As families gather for reunions and holiday celebrations, they should consider sharing something more important than Aunt Martha's macaroni salad recipe.
It's important to know your family medical history, and large family gatherings are the best place to gather the details, according to health officials.
"Knowing your family medical history can save your life," said Karen Brooks, a genetic counselor and assistant professor at University of South Carolina School of Medicine.
Cancer, diabetes, heart disease and many other disorders have genetic factors. Knowing if your family has a history of any of these conditions allows you and your physician to take steps to prevent you from becoming part of an unwanted family tradition.
A survey cited by the U.S. Department of Health and Human Services noted that 96 percent of Americans believe knowing their family health history is important, but less than a third of Americans have gathered to discuss and write down those histories.
How to get started
Reunions are a great place to start because family elders have a depth of knowledge about medical problems. Brooks suggests checking in with family members before a reunion to let them know you will be asking medical history questions. That way they can do a little research to jog their memories.
Here are some other tips:
• Start with the biggies — major birth defects, cancer, stroke and cardiovascular problems. Discussion of disorders such as mental illness and learning disabilities might be a little touchier, but you should try to delve into those matters, too.
• Look at both sides of your family. If your reunion is almost exclusively members of your mother's side of the family, try to do the same thing at the next get-together of the folks in your father's family. Most diseases can be inherited from either side.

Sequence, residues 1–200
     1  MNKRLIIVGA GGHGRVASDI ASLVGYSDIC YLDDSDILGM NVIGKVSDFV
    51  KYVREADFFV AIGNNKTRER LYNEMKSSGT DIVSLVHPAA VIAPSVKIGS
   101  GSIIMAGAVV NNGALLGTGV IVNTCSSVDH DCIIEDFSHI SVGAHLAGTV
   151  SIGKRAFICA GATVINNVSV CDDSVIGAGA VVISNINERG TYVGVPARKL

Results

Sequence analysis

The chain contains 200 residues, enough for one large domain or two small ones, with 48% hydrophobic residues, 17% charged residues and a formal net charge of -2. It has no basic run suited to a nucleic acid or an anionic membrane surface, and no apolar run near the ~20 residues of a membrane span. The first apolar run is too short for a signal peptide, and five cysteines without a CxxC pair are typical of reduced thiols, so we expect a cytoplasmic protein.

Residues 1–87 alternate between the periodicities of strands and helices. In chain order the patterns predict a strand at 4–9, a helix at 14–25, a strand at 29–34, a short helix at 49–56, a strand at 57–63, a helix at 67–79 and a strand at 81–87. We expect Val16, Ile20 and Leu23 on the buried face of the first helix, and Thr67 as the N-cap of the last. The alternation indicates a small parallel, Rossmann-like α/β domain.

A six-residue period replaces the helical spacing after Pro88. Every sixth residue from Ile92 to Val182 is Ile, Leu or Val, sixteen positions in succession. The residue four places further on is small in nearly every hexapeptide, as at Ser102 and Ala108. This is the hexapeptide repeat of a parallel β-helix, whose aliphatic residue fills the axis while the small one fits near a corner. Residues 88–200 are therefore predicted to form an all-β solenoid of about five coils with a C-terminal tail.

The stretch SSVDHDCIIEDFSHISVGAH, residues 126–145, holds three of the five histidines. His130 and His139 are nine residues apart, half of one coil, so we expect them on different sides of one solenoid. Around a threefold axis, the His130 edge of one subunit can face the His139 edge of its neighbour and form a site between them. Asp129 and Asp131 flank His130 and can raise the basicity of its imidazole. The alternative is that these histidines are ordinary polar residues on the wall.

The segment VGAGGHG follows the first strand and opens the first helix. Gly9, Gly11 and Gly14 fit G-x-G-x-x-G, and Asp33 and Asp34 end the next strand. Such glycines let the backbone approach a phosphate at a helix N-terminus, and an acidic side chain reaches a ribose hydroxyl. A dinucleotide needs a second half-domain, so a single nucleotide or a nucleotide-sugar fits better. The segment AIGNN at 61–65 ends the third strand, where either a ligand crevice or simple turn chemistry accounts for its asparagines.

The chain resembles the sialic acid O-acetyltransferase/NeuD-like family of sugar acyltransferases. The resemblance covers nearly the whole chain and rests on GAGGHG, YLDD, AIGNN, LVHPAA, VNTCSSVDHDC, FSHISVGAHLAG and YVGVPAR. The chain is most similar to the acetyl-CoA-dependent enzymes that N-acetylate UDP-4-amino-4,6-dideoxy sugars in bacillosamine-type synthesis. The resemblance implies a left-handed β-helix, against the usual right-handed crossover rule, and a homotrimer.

• Start with your immediate family and try to get at least three generations of information. Then build from that nucleus, creating a medical family tree.
• Share the information once it's compiled. If someone in your family isn't interested, they can throw it away. It might be more detailed information than a doctor needs, but too much information is better than too little.
• Don't stop after the initial information is compiled. Family medical histories, like families, grow through the years.
Use the 3-2-1 rule
One instance of a disease might not mean much. Health officials go by the 3-2-1 rule. It's worth special attention if three relatives on the same side of the family have had the same disorder, at least two are closely related (sibling, parent, child) or at least one was affected at a young age (before 50 for most cancers).
"Yes to all three definitely warrants mentioning your family history to your health care provider," Brooks said.
In the past, some families have treated talk of mental illness as taboo or prudishly avoided talk about cancer involving sexual organs. Some of that reluctance has broken down in recent years, Brooks said.